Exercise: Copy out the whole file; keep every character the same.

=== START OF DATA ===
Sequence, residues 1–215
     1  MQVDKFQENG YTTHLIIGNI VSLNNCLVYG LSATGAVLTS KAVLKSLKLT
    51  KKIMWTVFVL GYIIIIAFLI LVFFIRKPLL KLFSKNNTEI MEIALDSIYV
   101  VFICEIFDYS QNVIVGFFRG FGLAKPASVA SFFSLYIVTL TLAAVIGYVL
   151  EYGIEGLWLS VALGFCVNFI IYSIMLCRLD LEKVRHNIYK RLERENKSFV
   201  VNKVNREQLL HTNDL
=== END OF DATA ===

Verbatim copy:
Sequence, residues 1–215
     1  MQVDKFQENG YTTHLIIGNI VSLNNCLVYG LSATGAVLTS KAVLKSLKLT
    51  KKIMWTVFVL GYIIIIAFLI LVFFIRKPLL KLFSKNNTEI MEIALDSIYV
   101  VFICEIFDYS QNVIVGFFRG FGLAKPASVA SFFSLYIVTL TLAAVIGYVL
   151  EYGIEGLWLS VALGFCVNFI IYSIMLCRLD LEKVRHNIYK RLERENKSFV
   201  VNKVNREQLL HTNDL